3 Likes

[quote=“Epineurien”, post:9, topic: 894948]
Graphics.DrawMeshInstanced
[/quote]
Please at the very least use DrawMeshInstancedProcedural. However, I can tell you right now that using a technique involving BatchRendererGroup (Just leveraging Entities.Graphics is sufficient) will be even faster.

And definitely use LODs because you are GPU-bound. Generally for desktop you want to be under at least 20 million vertices. Preferably under 10 million.

3 Likes

[quote=“DreamingImLatios”, post:13, topic: 894948]
BatchRendererGroup
[/quote]
Thanks, toyed with it and it’s indeed faster, but I can’t get it to work on mobile which is a wrench in my plans - and I don’t see an ETA or even roadmap on making BRG work for OpenGL/GLES/WebGL.
It’s a shame because being able to send arbitrary data to each instances via GraphicsBuffer.SetData & CreateMetadataValue mean shared textures shenanigans aren’t needed. I’m half tempted to give up on non-PC platforms just for that, and pray they actually finish the api one day.

[quote=“Epineurien”, post:14, topic: 894948]
I don’t see an ETA or even roadmap on making BRG work for OpenGL/GLES/WebGL.
[/quote]
The 2022.2 version works with GLES 3.0. Under the hood I think they are using GraphicsBuffer as a source for a UniformBlockBinding. I’m not aware of any platforms that support modern desktop OpenGL but don’t support Vulkan. I’m not sure what is up with WebGL.

1 Like

I tried your AnimationCooker. It works very well , i want to try it in my project but i dont see license in your gitlab. Can you add it?

1 Like

[quote=“luongnd05”, post:16, topic: 894948]
I tried your AnimationCooker. It works very well , i want to try it in my project but i dont see license in your gitlab. Can you add it?
[/quote]

Sure, I added a license section at the bottom of the readme.

1 Like

Hi @lclemens ,
just started experimenting with your DOTS Animation tool, which seems perfect for a project I'm working on. Really sterling work on the tool itself, on the very detailed documentation, and on this thread exploring the different options available.

I found that the LODs are behaving differently in the original model and in the baked version. I can reproduce this with the provided spider model. At the same camera distance the original one is getting culled, while the baked one is at LOD2. The original model only reappears after I increase the LOD2 distance to more than double the baked one. I tried changing LOD bias in settings just to check, but it doesn't seem to make a difference.
Is this expected behavior?

How did you manage to get the pivot correct in your baked model? Starting from the prefab in the example scene I'm able to get center and outline correct, but the pivot is off far to one side. I tried all "b4 bake" options.
EDIT: I think I figured it out, you need to bake models at world position 0,0,0 to get correct pivot, is that right?

It might be worth it to add a warning and stop the baking process if the prefab has spaces in the name, as that will mess up the generated scripts. Also if the baking process has errors the "hold on" progress bar stays open without a way to close it.

1 Like

[quote=“Sabrino_1”, post:18, topic: 894948]
Hi @lclemens ,
just started experimenting with your DOTS Animation tool, which seems perfect for a project I’m working on. Really sterling work on the tool itself, on the very detailed documentation, and on this thread exploring the different options available.

I found that the LODs are behaving differently in the original model and in the baked version. I can reproduce this with the provided spider model. At the same camera distance the original one is getting culled, while the baked one is at LOD2. The original model only reappears after I increase the LOD2 distance to more than double the baked one. I tried changing LOD bias in settings just to check, but it doesn’t seem to make a difference.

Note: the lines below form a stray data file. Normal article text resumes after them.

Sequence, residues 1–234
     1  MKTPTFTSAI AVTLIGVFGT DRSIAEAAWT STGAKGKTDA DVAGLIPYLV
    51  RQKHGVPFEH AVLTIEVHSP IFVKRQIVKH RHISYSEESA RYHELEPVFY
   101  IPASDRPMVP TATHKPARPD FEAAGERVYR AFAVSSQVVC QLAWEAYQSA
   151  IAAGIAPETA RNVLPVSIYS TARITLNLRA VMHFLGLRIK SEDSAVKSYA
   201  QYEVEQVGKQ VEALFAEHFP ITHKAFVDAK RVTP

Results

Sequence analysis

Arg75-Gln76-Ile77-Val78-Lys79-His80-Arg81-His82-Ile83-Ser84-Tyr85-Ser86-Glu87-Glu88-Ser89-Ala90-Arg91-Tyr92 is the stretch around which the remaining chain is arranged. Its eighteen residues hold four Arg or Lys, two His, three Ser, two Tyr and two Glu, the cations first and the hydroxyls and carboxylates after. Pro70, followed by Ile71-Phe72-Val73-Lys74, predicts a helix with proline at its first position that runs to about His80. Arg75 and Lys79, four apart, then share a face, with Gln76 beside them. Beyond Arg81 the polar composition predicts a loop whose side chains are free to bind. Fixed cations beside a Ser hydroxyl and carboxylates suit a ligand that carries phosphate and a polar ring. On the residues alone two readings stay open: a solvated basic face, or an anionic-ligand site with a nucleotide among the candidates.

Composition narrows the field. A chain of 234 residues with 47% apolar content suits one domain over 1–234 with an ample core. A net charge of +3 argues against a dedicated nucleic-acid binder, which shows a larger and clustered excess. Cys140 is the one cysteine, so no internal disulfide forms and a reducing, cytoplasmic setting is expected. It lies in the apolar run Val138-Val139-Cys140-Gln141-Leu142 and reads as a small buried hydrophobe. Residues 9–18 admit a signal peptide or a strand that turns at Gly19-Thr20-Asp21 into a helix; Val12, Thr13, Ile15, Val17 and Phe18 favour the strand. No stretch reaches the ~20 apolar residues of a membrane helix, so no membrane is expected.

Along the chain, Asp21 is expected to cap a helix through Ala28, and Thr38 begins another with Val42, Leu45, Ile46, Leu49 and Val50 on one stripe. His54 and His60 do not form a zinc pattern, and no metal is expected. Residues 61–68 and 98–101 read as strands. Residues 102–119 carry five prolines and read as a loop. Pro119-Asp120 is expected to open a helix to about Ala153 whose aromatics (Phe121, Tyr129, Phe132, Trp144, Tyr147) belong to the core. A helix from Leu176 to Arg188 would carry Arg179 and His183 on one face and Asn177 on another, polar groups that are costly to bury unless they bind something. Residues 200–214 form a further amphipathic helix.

Is this expected behavior?

How did you manage to get the pivot correct in your baked model? Starting from the prefab in the example scene I’m able to get center and outline correct, but the pivot is off far to one side. I tried all “b4 bake” options.
EDIT: I think I figured it out, you need to bake models at world position 0,0,0 to get correct pivot, is that right?

It might be worth it to add a warning and stop the baking process if the prefab has spaces in the name, as that will mess up the generated scripts. Also if the baking process has errors the “hold on” progress bar stays open without a way to close it.
[/quote]

Sorry for the late reply - I was traveling this week. Not too many people are using vertex position baking - mainly because GPU bone animation is only a hair slower and supports more features (like animation blending, etc). When you get into the 100k+ entity territory, the triangle count (hundreds of millions) just swamps the GPU and the actual animation is like 1 percent of the equation. That’s when LODs become extremely important.

To be honest I didn’t really compare the LOD distances between the baked and non-baked ones. Originally I just used distance-to-camera, which worked great except in theory it would break if you changed FOV at runtime (like using a rifle scope or something) so that’s why I changed it to account for FOV. If the difference factor is exactly 2x, maybe I could just change the equation by 2x? I’ll look into it and see if I can get them to match up.

I have been baking at 0,0,0 so I didn’t notice the problem, but in theory it shouldn’t matter - I will look into that as well.

As for spaces in the prefab name - that’s a good point. I could probably clean up the string. I knew about the progress bar staying open - I just didn’t get around to figuring out how to fix it. It should be an easy fix.

1 Like

GPU Skinning New Link: https://emistro.itch.io/unity-dots-animation-system
or
https://assetstore.unity.com/packages/tools/utilities/dots-animation-system-285657

1 Like